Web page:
Crowdsourcing: Hanging Out with All the Right People

According to researchers at Penn State, crowdsourcing works best when the right type of crowd is matched up with particular types of crowdsourcing projects.

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According to researchers at Penn State, crowdsourcing works best when the right type of crowd is matched up with particular types of crowdsourcing projects. For instance, for the website ebird.org, bird watchers submit observations and sightings, such as this Ovenbird spotted in Atlanta.

Image courtesy of Flickr user geno k.

Can crowdsourcing help your business?

According to Penn State researchers, crowds have characteristics that can be more or less useful depending on the organizational problem at hand.

For instance, Dell’s IdeaStorm launched in 2007, has encouraged current and potential customers to make recommendations on enhancements to Dell’s products and services. As of November 2012, the crowd had generated 18,000 ideas, of which Dell has implemented 500.

In another example, eBird.com, a collaboration between Cornell University and The National Audobon Society enlists bird watchers from across North America to document the presence or absence of specific species of birds. This crowd of bird watchers has submitted millions of observations.

While Dell and ebird.org both utilized crowdsourcing, they use different types of crowds to solve two very different problems.

For businesses interested in solving problems with crowds, not just any crowd will do. But what crowd is right?

The Penn State study, “Hanging with the right crowd: matching crowdsourcing need to crowd characteristics,” offers specifics on how to match organizational needs with the “right” crowd. The study’s authors, Lee Erickson, a Ph.D. candidate at Penn State University College of Information Science and Technology and former CEO of Erickson Barnett Marketing Agency, along with Irene Petrick, a senior lecturer of Information Science and Technology at Penn State, and Eileen Trauth, a professor in the same department, identified four areas in which crowds are commonly used to solve problems: marketing/branding, improving productivity; product/service innovation and knowledge capture.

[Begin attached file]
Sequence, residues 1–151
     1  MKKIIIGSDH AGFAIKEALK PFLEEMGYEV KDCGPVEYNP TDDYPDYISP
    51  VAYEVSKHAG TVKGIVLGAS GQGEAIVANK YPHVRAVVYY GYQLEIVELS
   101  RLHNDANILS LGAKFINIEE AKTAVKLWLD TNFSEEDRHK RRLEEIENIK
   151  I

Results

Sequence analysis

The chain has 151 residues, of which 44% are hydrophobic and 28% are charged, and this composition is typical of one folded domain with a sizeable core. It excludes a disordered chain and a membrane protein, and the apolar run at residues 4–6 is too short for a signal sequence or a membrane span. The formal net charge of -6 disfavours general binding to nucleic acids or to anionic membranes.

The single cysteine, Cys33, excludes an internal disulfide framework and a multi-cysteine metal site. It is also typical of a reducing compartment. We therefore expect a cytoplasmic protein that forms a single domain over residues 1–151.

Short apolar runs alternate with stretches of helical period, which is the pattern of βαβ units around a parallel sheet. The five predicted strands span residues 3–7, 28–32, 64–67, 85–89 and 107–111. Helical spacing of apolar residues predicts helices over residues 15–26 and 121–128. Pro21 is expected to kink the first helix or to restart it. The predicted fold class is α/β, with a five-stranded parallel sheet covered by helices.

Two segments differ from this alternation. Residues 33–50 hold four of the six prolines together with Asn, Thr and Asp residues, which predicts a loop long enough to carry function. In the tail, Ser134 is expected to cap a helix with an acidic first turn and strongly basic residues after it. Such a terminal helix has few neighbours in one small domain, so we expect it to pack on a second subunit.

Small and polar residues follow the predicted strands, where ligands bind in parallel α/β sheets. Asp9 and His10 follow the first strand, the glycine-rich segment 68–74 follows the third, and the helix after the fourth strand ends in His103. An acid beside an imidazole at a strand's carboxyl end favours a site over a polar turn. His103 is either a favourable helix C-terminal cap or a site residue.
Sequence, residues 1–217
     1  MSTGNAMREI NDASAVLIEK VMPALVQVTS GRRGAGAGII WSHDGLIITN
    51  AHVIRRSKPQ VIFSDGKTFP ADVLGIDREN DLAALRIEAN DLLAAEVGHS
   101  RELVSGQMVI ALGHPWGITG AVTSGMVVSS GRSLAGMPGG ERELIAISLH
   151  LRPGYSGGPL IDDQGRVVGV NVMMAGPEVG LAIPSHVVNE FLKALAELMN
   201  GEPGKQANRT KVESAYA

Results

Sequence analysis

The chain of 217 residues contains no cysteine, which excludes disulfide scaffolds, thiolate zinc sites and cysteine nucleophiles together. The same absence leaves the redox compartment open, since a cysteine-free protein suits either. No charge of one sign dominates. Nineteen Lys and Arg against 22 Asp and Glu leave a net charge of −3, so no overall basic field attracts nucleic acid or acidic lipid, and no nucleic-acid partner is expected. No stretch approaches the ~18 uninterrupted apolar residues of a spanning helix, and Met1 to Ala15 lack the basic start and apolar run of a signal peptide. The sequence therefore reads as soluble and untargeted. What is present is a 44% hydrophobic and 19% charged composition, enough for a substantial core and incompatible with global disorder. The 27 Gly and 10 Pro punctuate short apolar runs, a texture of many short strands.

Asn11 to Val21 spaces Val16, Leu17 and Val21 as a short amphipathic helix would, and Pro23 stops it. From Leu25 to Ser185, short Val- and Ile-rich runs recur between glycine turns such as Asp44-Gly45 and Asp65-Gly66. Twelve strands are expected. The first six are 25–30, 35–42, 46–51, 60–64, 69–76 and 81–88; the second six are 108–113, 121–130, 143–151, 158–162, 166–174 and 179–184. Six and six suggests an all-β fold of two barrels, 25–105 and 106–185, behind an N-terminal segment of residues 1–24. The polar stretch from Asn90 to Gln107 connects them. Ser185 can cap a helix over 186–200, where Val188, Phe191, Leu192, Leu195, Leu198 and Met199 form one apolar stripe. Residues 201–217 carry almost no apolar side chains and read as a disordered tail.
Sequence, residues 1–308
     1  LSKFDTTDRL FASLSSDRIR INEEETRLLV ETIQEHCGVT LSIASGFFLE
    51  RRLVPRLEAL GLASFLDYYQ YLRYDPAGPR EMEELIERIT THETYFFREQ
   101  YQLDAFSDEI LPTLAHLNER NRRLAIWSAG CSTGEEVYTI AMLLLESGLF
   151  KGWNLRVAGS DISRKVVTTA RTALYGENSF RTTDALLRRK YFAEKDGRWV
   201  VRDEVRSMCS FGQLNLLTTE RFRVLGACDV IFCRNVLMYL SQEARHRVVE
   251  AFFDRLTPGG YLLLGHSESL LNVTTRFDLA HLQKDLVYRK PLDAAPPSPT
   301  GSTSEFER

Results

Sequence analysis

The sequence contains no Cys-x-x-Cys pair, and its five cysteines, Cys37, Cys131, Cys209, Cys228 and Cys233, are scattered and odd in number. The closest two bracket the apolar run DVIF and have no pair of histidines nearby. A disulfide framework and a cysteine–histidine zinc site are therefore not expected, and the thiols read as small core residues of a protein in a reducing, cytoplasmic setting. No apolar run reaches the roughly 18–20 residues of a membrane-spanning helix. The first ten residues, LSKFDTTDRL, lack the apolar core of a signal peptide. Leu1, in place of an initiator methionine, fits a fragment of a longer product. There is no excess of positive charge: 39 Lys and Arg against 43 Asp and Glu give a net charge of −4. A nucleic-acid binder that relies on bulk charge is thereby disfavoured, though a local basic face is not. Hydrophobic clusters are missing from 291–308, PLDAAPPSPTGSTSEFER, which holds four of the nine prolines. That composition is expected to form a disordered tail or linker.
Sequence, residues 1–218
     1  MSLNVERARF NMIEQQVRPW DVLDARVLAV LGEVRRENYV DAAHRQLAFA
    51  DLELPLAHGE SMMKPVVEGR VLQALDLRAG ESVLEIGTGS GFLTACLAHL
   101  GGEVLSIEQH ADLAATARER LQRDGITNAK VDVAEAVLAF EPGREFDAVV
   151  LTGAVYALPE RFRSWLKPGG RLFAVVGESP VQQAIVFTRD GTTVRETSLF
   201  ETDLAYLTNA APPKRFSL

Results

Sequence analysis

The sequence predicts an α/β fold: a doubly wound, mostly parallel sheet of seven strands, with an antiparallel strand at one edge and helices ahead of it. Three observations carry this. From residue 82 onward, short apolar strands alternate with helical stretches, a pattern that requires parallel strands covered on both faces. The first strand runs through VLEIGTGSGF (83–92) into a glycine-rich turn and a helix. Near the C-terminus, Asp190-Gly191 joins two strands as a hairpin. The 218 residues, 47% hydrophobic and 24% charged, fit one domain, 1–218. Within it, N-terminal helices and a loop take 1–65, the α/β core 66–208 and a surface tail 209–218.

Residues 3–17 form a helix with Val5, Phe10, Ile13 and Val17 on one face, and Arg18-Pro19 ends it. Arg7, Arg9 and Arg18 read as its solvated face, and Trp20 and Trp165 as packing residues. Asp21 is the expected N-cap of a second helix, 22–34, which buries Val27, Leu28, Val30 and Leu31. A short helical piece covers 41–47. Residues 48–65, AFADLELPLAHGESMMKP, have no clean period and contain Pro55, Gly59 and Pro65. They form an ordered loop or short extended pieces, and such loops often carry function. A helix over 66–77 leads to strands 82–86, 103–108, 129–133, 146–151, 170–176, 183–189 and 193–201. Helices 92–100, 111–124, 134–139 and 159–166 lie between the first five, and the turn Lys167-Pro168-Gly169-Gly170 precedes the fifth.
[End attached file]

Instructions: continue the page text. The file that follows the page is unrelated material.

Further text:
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Social business research and more recent thought leadership explore the challenges and opportunities presented by social media.
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Comments (3)
Colin Pinto
I found the chart of the framework for applying to a crowdsourcing project immensely valuable.  I'm working on a project to improve heart health, looking at the psychosocial aspects as well as diet. 
Crowdsourcing Quality Articles: Knowing the Right Keys to Turn
[…] Finding the right workers makes all the difference in the outcome of your project. Not only do you need to locate the right group, but you need to identify the quality writers in that group. For example, if you need product descriptions or blogs about video games, then you should have no problem identifying a group of workers that are interested in your work. However, identifying the quality writers in that group greatly increases the quality of the content you receive. […]
Boris Chu
I think crowdsourcing is a great way to collaborate on many different things;  I would usually use crowdsourcing from getting ideas from customers and get a better understanding of what the customers need and want.  I would want to get a clearer picture of that chart though it looks interesting although I don't quite understand it.